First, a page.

It's impossible to pick up a newspaper lately without encountering an article about issues that are fundamentally changing the profession of teaching. President Obama's Race to the Top has states looking at how their educational systems operate. Budget difficulties are resulting in real and threatened layoffs of teachers in New York and elsewhere. And teachers' unions and the seniority protections imposed by their contracts, both part of how government and teachers interacted for decades, are under pressure.
studies have shown that the most significant factor in the kind of year any child has in school is the quality of that student's classroom teacher. We don't know if the movement to set aside seniority rules and to measure teacher effectiveness (and job security) by looking at student test scores is going to help students, unless measurements of teacher effectiveness take a broader look at what makes a teacher excellent. What kind of atmosphere does that teacher create in a classroom? Does that teacher nurture independent thinking and thoughtful reasoning? Are students kind to one another and accepting of differences? Do the students want to come to school? These qualities may be difficult to measure, but they are every bit as important as the scores that students get on standardized tests.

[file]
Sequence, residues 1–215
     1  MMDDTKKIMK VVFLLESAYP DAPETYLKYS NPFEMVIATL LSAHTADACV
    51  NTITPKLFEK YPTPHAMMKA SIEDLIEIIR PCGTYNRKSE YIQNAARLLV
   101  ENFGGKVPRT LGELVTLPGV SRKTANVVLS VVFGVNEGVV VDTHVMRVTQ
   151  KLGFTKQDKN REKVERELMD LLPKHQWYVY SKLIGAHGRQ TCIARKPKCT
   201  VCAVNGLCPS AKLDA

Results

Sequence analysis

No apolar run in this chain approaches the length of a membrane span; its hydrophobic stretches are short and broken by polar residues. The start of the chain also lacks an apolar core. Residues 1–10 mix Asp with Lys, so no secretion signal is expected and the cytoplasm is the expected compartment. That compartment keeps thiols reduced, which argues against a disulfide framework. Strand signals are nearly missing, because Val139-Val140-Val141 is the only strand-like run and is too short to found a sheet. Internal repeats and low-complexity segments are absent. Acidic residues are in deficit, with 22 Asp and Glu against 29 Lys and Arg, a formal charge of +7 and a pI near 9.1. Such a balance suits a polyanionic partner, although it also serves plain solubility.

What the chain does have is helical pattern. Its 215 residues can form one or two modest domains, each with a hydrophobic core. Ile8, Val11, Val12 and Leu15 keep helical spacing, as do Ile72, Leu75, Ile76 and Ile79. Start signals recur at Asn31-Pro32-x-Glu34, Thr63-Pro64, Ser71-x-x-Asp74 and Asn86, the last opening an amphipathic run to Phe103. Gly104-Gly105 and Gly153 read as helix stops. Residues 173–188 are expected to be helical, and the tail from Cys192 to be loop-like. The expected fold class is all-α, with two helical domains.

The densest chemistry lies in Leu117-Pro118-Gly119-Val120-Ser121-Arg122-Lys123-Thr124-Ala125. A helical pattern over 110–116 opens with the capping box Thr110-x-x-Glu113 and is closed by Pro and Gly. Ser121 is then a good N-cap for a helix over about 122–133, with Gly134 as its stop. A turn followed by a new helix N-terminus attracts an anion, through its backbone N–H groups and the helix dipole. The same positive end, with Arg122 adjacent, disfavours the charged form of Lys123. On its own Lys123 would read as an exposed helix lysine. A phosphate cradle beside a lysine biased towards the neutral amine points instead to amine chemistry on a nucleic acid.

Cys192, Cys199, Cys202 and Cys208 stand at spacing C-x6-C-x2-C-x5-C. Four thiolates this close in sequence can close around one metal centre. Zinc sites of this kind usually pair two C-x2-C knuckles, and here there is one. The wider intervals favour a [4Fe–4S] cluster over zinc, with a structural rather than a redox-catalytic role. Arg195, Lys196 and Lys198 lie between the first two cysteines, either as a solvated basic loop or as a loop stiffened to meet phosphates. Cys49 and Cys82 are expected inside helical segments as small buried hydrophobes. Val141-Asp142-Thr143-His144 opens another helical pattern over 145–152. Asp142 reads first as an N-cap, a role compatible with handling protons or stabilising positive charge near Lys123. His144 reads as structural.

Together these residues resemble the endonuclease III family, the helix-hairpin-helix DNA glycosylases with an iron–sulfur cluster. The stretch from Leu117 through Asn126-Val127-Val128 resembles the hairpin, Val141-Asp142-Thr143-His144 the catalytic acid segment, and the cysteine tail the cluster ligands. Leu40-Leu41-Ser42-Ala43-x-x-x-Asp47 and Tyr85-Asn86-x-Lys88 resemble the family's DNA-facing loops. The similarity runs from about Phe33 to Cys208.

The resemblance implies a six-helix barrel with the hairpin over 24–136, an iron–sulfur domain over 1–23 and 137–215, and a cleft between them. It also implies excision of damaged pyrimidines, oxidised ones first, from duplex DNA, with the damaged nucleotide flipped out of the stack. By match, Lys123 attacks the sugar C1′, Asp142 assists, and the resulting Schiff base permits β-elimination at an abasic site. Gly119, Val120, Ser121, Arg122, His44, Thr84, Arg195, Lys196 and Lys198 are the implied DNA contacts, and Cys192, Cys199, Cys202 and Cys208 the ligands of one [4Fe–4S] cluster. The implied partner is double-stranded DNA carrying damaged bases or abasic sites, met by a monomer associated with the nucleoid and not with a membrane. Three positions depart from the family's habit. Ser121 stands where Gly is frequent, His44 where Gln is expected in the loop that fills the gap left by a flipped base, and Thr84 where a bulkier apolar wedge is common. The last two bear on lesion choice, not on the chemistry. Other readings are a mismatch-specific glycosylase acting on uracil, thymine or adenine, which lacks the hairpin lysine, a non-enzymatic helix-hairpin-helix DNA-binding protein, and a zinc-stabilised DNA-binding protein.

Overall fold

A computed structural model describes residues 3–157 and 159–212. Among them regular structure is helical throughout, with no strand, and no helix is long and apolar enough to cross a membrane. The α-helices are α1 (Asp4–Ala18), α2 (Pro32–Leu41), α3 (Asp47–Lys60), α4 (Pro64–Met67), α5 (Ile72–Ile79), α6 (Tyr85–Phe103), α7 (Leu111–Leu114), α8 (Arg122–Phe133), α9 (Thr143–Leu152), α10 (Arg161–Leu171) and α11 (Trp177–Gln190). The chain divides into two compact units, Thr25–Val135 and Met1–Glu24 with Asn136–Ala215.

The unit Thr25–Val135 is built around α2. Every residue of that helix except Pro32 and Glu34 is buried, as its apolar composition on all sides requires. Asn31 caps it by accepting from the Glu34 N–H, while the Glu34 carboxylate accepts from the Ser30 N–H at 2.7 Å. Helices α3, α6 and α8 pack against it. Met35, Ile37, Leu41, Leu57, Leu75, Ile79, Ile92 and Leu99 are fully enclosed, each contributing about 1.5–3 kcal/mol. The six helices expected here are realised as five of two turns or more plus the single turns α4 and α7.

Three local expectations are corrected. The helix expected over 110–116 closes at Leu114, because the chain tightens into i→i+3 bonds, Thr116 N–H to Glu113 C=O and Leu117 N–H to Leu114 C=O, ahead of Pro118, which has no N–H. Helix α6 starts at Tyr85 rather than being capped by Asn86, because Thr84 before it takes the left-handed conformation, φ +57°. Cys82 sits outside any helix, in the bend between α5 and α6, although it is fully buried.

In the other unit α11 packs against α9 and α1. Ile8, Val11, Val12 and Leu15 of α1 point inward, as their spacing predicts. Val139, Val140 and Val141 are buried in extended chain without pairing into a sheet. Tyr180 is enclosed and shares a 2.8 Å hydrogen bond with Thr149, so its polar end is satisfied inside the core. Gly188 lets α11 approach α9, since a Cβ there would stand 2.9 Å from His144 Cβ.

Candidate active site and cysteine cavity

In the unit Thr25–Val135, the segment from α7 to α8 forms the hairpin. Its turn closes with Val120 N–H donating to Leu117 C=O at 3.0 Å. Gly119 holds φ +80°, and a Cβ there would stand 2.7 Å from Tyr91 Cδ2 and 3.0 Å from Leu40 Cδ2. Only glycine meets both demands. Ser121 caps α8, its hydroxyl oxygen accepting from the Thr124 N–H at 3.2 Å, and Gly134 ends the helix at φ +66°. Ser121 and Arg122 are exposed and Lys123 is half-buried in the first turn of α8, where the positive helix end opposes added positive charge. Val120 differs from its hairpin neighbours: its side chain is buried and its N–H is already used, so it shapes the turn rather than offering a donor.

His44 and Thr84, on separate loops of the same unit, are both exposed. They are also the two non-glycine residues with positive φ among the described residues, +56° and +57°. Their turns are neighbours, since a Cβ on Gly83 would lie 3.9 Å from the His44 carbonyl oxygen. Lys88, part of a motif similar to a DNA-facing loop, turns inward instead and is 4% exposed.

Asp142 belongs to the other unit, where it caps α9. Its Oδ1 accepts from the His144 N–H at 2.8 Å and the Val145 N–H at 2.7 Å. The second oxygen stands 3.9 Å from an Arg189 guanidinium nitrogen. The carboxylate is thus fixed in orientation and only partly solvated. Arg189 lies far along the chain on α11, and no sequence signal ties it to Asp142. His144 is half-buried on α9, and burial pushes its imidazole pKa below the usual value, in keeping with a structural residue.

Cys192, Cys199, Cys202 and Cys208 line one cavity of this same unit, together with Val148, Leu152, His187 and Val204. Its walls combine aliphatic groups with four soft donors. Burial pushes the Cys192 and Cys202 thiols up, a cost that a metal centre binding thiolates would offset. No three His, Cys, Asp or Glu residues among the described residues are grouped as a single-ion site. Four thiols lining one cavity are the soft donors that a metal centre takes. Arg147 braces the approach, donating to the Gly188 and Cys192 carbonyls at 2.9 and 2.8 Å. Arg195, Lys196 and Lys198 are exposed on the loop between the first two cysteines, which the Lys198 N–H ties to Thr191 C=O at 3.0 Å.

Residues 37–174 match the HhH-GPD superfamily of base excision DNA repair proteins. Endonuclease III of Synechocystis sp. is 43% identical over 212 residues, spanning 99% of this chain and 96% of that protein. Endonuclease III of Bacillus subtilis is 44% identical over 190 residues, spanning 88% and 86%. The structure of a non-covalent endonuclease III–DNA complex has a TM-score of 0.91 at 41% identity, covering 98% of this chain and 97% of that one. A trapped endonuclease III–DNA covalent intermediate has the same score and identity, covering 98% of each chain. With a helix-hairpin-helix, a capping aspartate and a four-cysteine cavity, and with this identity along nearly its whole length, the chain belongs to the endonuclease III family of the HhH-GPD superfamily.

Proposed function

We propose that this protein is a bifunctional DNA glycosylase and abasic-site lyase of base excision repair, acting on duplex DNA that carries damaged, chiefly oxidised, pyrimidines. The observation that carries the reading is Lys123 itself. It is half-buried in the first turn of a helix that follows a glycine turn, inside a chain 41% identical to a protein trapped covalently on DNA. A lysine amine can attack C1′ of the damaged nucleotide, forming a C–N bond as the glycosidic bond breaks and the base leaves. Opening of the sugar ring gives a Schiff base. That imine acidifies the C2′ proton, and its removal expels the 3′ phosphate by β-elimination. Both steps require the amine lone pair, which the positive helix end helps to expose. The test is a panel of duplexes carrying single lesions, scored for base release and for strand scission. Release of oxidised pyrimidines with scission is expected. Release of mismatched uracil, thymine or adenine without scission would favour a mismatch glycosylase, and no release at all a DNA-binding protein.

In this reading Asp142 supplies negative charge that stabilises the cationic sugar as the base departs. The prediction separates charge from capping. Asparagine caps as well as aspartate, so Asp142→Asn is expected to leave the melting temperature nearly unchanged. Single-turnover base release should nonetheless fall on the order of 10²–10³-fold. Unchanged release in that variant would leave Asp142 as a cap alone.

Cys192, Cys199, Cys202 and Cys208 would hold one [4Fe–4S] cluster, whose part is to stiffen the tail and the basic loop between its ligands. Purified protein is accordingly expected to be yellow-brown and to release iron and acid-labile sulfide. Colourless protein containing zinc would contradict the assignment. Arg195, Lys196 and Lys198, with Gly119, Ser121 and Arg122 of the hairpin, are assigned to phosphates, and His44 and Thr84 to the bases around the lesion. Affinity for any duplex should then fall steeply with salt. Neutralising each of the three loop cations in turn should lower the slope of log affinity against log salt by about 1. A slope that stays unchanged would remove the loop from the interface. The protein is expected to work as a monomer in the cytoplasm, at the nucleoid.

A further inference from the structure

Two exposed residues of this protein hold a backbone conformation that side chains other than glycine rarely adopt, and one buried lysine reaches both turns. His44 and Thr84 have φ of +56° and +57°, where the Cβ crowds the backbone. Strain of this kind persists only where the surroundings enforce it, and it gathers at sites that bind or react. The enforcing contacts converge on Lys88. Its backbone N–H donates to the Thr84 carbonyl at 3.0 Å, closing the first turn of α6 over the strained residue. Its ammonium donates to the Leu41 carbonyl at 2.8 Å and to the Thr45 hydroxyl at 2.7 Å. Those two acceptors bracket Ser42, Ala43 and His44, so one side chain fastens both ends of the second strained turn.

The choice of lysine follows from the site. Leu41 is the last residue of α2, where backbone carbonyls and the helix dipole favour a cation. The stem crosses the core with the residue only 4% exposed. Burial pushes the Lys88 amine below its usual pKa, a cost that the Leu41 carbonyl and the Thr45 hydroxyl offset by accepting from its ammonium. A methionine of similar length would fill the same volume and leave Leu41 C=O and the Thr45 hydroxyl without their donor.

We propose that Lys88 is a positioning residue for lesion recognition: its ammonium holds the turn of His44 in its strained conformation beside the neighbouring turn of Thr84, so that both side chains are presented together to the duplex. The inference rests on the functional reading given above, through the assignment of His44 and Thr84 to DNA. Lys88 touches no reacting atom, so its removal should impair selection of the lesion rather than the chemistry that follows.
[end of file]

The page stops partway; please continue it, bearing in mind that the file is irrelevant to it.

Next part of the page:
As parents look on at the seismic changes impacting our schools and the dedicated individuals who spend hours each day with our children, we can all hope that quality teaching, and the benefits it brings to our children, are the most important consideration to policymakers at all level.